While it is evident there are technical problems with Jimi's amplification, pedals, and guitars (mostly going out of tune) his voice, phrasing, and guitar playing are exceptional, soul-stirring. Jimi sings "All Along the Watchtower" passionately. His soloing is enhanced by feedback and infectious interplay with Billy Cox on bass. I believe Jimi is blessed to have Mitch Mitchell on drums and Billy Cox on bass as his rhythm section. They bring out the best in Jimi. Mitch shows he is an imaginative and multi-dimensional drummer, and Billy plays fluid and tight, with a deep intuitive skill, matching Jimi pattern for pattern. Jimi's playing is remarkable as it takes different twists and turns.
The patterns weaved by Jimi and Billy Cox are hypnotic during “ Machine Gun” and once again Jimi creates some outstanding runs and sounds. Jimi plays soft, raw, loud, and seems to move in the direction of the sound he is trying to create. At times, it appears to be a struggle and there is tension in his playing. Then the rhythm changes and the trio synthesize again to paint a different musical landscape.
Adorning a “Flying V” Jimi plays a wonderful rendition of “ Red House” - Jimi played the blues as well as anyone; tasteful playing conjointly with his unique voice and phrasing. It was great to hear new numbers: “Freedom,” ”Dolly Dagger,” and “Hey Baby (Land of the New Rising Sun)”.
Jimi pulled a blistering version of "Voodoo Child (Slight Return)" out of the bag. His guitar sounded heavily distorted and the notes rained down sprinkled with Jimi's unique creative powers.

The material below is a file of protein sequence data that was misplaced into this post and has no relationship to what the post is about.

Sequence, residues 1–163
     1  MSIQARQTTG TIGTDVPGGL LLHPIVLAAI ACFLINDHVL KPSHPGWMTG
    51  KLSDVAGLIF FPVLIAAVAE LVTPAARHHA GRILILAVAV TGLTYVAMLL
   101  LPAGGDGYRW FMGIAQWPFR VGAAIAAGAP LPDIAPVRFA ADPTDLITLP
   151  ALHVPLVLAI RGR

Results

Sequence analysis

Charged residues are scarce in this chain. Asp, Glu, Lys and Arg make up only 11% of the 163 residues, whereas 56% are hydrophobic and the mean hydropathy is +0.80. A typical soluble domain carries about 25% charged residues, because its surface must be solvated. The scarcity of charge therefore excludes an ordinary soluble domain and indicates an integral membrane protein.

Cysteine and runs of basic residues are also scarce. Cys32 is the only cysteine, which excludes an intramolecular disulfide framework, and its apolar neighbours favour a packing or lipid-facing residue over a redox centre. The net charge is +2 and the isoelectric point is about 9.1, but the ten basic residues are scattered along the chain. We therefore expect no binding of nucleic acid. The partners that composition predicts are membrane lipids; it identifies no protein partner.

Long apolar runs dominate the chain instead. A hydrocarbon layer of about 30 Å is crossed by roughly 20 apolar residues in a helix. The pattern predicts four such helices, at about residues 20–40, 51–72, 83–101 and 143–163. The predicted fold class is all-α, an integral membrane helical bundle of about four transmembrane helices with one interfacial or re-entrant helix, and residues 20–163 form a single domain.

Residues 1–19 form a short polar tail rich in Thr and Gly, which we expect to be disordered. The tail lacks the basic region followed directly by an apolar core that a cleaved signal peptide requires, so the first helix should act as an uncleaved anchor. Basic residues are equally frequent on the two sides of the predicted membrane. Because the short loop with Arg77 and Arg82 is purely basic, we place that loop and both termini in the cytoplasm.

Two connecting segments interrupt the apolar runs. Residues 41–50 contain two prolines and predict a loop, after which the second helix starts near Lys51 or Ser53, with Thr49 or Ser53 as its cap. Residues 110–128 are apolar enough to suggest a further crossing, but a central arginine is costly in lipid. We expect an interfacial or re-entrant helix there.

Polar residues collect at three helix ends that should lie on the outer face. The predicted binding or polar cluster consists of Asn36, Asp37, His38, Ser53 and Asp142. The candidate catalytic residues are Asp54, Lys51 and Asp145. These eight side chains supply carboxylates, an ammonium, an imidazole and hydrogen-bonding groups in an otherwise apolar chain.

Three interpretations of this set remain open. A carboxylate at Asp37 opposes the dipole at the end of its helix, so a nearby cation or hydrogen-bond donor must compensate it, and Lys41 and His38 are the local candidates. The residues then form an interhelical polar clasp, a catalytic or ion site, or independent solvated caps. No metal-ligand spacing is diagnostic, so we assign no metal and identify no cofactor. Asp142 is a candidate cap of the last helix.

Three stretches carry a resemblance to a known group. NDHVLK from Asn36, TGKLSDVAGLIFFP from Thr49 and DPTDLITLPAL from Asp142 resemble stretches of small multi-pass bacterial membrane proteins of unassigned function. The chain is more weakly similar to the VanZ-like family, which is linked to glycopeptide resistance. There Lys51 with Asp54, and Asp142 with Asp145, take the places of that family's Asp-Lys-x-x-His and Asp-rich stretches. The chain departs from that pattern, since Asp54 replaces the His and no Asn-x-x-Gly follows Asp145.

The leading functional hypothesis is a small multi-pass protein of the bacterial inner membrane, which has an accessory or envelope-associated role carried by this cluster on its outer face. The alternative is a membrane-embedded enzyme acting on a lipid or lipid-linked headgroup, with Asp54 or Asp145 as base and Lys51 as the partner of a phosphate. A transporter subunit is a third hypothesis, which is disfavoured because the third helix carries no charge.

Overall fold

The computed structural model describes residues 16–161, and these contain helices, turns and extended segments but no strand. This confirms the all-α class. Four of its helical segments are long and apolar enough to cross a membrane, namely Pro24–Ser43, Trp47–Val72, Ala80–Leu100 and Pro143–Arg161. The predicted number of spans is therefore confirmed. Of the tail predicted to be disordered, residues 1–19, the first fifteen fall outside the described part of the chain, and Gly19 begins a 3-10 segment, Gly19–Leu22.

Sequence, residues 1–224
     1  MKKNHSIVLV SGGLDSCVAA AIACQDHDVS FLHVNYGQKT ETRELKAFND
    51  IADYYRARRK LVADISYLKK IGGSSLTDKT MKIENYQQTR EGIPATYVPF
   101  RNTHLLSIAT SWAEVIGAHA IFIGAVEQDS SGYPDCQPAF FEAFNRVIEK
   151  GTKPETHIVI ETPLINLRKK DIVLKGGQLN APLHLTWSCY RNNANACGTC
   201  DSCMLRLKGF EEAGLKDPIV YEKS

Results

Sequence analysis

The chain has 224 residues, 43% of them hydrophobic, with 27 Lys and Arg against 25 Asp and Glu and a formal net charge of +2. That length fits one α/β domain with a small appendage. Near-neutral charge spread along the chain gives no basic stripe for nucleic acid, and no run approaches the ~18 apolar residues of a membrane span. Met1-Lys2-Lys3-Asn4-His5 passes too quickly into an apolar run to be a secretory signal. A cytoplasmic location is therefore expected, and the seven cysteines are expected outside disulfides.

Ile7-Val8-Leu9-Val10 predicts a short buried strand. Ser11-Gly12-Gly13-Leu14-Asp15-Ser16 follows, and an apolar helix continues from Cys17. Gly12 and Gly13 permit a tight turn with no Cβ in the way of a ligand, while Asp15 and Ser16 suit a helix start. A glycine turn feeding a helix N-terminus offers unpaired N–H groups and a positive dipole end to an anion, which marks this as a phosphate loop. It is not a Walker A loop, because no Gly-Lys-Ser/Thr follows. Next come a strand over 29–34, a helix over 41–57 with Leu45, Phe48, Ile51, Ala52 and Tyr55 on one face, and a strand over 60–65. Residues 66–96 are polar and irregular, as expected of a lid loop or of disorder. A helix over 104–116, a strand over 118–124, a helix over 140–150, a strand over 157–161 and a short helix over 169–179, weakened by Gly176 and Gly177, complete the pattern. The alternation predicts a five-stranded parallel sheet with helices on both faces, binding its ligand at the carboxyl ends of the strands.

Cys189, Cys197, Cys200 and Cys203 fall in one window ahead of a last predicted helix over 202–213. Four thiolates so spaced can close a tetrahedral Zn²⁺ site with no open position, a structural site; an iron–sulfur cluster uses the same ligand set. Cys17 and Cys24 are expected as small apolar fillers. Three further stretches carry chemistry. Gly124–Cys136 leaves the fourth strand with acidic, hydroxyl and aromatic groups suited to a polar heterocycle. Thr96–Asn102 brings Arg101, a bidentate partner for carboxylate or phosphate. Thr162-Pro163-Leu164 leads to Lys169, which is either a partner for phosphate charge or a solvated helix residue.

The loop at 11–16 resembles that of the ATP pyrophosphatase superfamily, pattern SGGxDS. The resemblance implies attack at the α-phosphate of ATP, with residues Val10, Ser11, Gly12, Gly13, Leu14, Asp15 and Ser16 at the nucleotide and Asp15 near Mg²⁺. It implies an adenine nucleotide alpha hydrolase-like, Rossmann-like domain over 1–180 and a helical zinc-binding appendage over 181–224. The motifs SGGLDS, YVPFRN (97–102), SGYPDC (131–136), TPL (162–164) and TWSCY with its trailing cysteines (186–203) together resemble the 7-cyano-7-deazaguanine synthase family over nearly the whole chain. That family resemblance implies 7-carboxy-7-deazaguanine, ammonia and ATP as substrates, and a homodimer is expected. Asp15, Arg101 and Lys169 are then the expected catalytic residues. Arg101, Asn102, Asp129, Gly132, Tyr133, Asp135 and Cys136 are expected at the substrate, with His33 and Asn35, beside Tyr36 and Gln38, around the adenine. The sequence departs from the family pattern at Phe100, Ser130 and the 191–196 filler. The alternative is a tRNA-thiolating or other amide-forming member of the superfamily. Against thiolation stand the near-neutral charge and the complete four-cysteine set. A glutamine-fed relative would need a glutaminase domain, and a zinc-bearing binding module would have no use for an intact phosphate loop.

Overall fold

For Jimi, the band, and some of the audience, the show may have been uneven. However, the set showed an innovator and experimenter reaching out to his audience with his music, guitar, and colourful tapestries. I still believe Jimi's set was the defining moment of the festival. For those fortunate to come of age during the 1960's Jimi Hendrix raised the bar, and brought unparalleled power, sensuality, and sustained resurrection to guitar playing, song writing, and performance. He exuded a contagious charisma, spirit, rarely witnessed by any musician, past or present.
No-one knows what Jimi's state of mind was during his last month on this earth. I believe, however, he had new horizons to explore musically, emotionally, and spiritually. It is often forgotten that while Jimi was a guitar virtuoso, and an instrumentalist of profound influence, he was also an incredibly gifted, first-rate songwriter. Jimi's vocal style - underrated in some musical quarters, including his own - complemented his guitar playing.
Jimi's artistic gifts, music, and guitar playing will continue to astound future listeners' as long as music exists. His memorable riffs and lyrics will reverberate wherever sound can be heard. I occasionally think of this concert. I like the imperfections which make Jimi's performance like life. When I watch or listen to the music on CD, DVD, I feel sadness that the greatest, most innovative, and iconic guitarist of all time, died so tragically young.
Set List: God Save the Queen; Sgt Pepper's Lonely Hearts Club Band; Spanish Castle Magic; All Along the Watchtower; Machine Gun; Lover Man; Freedom; Red House; Dolly Dagger; Midnight Lightning; Foxey Lady; Message to Love; Hey Baby (Land of the New Rising Sun); Ezy Rider; Hey Joe; Purple Haze; Voodoo Child (Slight Return); In from the Storm.